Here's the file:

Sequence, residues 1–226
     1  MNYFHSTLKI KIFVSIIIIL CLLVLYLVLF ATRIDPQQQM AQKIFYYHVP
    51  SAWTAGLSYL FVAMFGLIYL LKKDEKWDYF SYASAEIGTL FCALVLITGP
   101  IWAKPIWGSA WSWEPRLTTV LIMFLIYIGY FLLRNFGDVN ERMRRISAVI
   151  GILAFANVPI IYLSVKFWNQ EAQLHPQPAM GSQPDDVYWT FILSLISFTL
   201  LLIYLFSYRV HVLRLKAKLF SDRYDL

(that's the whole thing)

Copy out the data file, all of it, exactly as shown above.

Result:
Sequence, residues 1–226
     1  MNYFHSTLKI KIFVSIIIIL CLLVLYLVLF ATRIDPQQQM AQKIFYYHVP
    51  SAWTAGLSYL FVAMFGLIYL LKKDEKWDYF SYASAEIGTL FCALVLITGP
   101  IWAKPIWGSA WSWEPRLTTV LIMFLIYIGY FLLRNFGDVN ERMRRISAVI
   151  GILAFANVPI IYLSVKFWNQ EAQLHPQPAM GSQPDDVYWT FILSLISFTL
   201  LLIYLFSYRV HVLRLKAKLF SDRYDL